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  • Subscriber Update Indonesia: COVID-19 Recession Persists in Q4-2020

    Economic Update Indonesia: COVID-19 Crisis Pulls Indonesian Economy into Recession

    On 5 February 2021, Indonesia’s Statistical Agency (Badan Pusat Statistik, or BPS) announced that gross domestic product (GDP) of Southeast Asia’s largest economy contracted 2.19 percent year-on-year (y/y) in the fourth quarter of 2020. This was less severe compared to Indonesia Investments’ outlook of -2.50 percent (y/y).

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  • Indonesia Investments' Subscriber Update - Indonesia Enters Recession

    Indonesia Investments' Subscriber Update - Indonesia Enters Recession

    On Thursday 5 November 2020 Indonesia’s Statistical Agency (Badan Pusat Statistik, BPS) announced that Indonesia’s gross domestic product (GDP) contracted 3.49 percent year-on-year (y/y) in the third quarter of 2020. This pace of economic contraction in Q3-2020 was slightly more severe than we had predicted. Indonesia Investments had its outlook for Indonesia’s Q3-2020 economic growth at the range of -3.0 to -2.5 percent (y/y).

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  • Economy of Indonesia Enters Recession: GDP Contracts 3.49% in Q3-2020

    Economy of Indonesia Enters Recession: GDP Contracts 3.49% in Q3-2020

    As expected, the Indonesian economy entered a recession in the third quarter of 2020. On Thursday (05.11.2020), Indonesia's Statistical Agency (BPS) announced that Q3-2020 gross domestic product (GDP) growth contracted by 3.49 percent year-on-year (y/y), which makes it the second consecutive quarter of negative growth. 

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  • Economic Update: Indonesian Policymakers Finally Become Realistic in Terms of 2020 Outlooks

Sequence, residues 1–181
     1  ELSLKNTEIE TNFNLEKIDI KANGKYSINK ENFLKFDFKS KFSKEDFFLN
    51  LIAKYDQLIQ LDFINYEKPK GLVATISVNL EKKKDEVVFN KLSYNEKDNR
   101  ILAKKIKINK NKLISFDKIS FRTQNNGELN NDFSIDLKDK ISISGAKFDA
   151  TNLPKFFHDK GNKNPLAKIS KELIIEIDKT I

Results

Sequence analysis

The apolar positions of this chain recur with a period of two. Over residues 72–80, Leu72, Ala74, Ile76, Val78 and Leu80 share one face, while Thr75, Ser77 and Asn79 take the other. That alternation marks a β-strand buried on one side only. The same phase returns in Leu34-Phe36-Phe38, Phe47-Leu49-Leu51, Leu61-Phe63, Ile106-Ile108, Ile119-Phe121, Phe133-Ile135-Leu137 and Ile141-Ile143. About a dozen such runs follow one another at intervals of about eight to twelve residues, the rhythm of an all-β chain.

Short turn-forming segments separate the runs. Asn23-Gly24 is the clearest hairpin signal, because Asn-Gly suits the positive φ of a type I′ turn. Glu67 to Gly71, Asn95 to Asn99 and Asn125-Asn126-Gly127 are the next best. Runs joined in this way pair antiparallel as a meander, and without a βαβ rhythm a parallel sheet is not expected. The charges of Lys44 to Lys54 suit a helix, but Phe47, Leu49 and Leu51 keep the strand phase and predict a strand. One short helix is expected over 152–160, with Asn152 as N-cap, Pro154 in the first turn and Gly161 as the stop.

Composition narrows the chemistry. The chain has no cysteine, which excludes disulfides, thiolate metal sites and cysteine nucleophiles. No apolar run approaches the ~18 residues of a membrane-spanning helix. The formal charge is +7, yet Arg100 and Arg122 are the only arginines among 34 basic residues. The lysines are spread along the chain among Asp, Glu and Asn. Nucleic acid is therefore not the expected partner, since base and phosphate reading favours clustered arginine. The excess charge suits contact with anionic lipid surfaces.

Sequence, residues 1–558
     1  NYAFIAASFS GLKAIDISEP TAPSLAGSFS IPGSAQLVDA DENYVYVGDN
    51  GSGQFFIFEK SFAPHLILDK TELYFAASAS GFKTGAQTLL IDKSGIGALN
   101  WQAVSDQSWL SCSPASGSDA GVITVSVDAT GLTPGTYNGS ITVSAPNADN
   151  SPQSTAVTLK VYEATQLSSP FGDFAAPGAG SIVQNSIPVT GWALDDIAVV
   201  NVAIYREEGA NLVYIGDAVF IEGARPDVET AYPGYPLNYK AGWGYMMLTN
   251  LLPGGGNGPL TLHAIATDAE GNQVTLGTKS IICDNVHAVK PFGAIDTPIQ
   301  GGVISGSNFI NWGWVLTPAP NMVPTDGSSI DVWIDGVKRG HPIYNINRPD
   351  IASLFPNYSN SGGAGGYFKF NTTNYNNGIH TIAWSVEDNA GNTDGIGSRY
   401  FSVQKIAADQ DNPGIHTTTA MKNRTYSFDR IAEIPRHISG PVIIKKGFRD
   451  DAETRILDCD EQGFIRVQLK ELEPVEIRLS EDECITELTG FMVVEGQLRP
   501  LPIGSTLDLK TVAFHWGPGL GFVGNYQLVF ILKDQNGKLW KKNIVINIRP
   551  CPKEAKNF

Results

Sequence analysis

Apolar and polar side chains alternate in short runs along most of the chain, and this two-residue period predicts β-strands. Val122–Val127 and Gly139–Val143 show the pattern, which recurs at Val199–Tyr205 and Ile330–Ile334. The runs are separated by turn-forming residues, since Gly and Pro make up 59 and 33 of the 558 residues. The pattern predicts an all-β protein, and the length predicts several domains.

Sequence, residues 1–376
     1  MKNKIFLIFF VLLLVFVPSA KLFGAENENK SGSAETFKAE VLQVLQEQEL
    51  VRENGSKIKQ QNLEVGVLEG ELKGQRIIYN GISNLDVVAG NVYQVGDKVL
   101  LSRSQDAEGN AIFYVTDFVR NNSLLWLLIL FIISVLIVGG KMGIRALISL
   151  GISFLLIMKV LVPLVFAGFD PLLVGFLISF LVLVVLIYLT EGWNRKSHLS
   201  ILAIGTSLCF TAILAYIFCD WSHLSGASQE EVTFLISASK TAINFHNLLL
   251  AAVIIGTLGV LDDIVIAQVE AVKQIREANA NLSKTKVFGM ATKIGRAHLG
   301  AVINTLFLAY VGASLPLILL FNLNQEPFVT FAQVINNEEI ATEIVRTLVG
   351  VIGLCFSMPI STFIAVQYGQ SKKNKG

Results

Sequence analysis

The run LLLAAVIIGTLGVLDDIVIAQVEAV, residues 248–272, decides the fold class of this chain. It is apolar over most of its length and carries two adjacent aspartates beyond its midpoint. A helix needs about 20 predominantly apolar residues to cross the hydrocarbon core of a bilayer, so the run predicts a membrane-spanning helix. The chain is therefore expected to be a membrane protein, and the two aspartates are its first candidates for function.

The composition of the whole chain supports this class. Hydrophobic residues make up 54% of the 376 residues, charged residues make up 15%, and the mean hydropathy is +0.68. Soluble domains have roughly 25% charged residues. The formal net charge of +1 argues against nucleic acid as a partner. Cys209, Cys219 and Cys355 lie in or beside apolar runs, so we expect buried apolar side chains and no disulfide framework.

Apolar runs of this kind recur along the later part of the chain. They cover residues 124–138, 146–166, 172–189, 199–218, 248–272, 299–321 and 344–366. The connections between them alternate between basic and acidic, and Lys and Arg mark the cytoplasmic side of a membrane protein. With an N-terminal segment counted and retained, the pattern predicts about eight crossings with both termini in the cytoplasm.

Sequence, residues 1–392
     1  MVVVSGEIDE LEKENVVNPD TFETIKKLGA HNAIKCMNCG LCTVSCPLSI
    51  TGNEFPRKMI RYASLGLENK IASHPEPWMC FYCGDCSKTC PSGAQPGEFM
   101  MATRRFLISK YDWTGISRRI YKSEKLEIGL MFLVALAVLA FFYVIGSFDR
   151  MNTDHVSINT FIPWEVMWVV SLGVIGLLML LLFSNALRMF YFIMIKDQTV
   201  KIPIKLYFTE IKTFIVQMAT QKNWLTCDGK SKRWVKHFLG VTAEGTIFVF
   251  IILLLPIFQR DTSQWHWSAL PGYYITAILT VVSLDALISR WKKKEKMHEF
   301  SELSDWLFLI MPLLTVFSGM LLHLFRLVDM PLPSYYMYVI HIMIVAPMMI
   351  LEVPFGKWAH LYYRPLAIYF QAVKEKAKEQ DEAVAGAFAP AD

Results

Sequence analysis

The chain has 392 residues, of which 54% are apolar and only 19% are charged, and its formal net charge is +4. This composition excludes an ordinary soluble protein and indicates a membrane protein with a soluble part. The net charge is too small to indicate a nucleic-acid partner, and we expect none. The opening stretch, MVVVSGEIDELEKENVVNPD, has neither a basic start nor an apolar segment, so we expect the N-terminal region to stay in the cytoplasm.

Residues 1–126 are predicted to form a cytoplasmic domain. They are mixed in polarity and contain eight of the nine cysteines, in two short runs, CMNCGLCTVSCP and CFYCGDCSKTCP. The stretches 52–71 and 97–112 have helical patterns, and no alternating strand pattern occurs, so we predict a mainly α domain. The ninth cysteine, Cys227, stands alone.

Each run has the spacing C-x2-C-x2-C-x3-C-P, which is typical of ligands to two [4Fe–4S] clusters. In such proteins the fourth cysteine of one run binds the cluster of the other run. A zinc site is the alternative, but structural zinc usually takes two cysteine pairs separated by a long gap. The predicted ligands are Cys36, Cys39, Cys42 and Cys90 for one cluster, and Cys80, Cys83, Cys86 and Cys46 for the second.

Economic Update: Indonesian Policymakers Finally Become Realistic in Terms of 2020 Outlooks

    It took a while – in fact a couple of months – but the Indonesian government has now finally become realistic about its forecast for economic growth in (the remainder of) 2020. Obviously, it had no other option after the country’s Q2-2020 gross domestic product (GDP) data had been released in August. These data showed a 5.32 percent year-on-year (y/y) contraction for Southeast Asia’s largest economy in Q2-2020.

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  • Economy of Indonesia Under Pressure: GDP Growth at 2.97% in Q1-2020

    Economy of Indonesia Under Pressure: GDP Growth at 2.97% in Q1-2020

    Statistics Indonesia (BPS) released its Q1-2020 gross domestic product (GDP) data for Indonesia on Tuesday (5 May 2020). According to the agency, the Indonesian economy expanded by 2.97 percent year-on-year (y/y) in the first quarter of 2020. The result is well below forecasts, and considering the real impact of the coronavirus crisis (COVID-19) on the Indonesian economy is to occur in the second quarter, we expect to see a deep red number in Q2-2020 (possibly extending into the following quarter).